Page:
The Levy Runs Dry: A Legal and Economic Analysis of EU Private Copying Levies

JIPITEC Vol. 4 (3) 2013 (Forthcoming)

30 Pages Posted: 19 Sep 2013

See all articles by Joost Poort

Joost Poort

University of Amsterdam - Institute for Information Law (IViR)

João Quintais

University of Amsterdam - Institute for Information Law (IViR)

Date Written: September 19, 2013

Abstract

This article provides a legal and economic analysis of private copying levies in the EU, against the background of the Copyright Directive (2001/29), a number of recent rulings by the European Court of Justice and the recommendations presented by mediator Vitorino earlier this year. It concludes that notwithstanding these rulings and recommendations, there remains a lack of concordance on the relevance of contractual stipulations and digital rights management technologies (DRM) for setting levies, and the concept of harm. While Mr. Vitorino and AG Sharpston (in the Opinion preceding VG Wort v Kyocera) use different lines of reasoning to argue that levies raised on authorized copies would lead to double payment, the Court of Justice’s decision in VG Wort v Kyocera seems to conclude that such copies should nonetheless be levied. If levies are to provide fair compensation for harm resulting from acts of private copying, economic analysis suggests one should distinguish between various kinds of private copies and take account of the extent to which the value said copies have for consumers can be priced into the purchase. Given the availability of DRM (including technical protection measures), the possibility of such indirect appropriation leads to the conclusion that the harm from most kinds of private copies is de minimis and gives no cause for levies. The user value of copies from unauthorised sources (e.g. from torrent networks or cyber lockers), on the other hand, cannot be appropriated indirectly by rightholders. It is however an open question in references for preliminary rulings pending at the Court of Justice whether these copies are included in the scope of the private copying exception or limitation and can thus be be levied for. If they are not, as currently happens in several EU Member States, legal and economic analysis leads to the conclusion that the scope of private copying acts giving rise to harm susceptible of justifying levies is gradually diminishing.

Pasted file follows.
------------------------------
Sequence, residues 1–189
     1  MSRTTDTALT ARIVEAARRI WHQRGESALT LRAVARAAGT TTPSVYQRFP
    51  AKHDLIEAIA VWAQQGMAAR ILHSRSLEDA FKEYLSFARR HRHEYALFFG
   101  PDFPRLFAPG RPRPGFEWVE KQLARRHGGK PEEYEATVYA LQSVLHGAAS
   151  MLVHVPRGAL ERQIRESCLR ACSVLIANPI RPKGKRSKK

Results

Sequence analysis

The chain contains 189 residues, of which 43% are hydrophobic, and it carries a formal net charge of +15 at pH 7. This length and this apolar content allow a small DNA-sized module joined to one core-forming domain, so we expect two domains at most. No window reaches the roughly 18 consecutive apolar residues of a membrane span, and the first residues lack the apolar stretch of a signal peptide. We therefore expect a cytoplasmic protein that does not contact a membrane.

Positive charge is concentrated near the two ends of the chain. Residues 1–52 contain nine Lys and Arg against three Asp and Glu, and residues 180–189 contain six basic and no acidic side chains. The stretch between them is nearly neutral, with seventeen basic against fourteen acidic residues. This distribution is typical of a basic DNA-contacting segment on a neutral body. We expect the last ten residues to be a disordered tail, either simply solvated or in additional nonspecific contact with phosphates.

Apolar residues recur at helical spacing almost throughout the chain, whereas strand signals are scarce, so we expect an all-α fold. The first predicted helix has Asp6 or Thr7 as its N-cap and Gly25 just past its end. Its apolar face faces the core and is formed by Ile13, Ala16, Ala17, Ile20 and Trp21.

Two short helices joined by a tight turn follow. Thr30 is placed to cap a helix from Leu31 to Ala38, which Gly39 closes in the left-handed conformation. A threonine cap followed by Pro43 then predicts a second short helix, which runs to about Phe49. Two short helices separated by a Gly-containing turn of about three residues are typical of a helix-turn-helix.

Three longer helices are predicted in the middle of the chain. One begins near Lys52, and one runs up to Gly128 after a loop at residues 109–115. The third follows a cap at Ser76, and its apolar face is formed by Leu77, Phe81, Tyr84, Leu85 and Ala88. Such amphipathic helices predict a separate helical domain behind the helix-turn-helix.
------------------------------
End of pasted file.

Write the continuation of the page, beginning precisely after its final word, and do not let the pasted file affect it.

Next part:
Keywords: private copying, exception or limitation, levies, fair compensation, harm, technological protection measures, DRM

JEL Classification: O34, K11, K19, L82

Suggested Citation

Poort, Joost and Quintais, João, The Levy Runs Dry: A Legal and Economic Analysis of EU Private Copying Levies (September 19, 2013). JIPITEC Vol. 4 (3) 2013 (Forthcoming). Available at SSRN: https://ssrn.com/abstract=2328072

Joost Poort (Contact Author)

University of Amsterdam - Institute for Information Law (IViR) ( email )

Rokin 84
Amsterdam, 1012 KX
Netherlands

João Quintais

University of Amsterdam - Institute for Information Law (IViR) ( email )

Rokin 84
Amsterdam, 1012 KX
Netherlands

HOME PAGE: http://https://www.ivir.nl/nl/medewerker/quintais/

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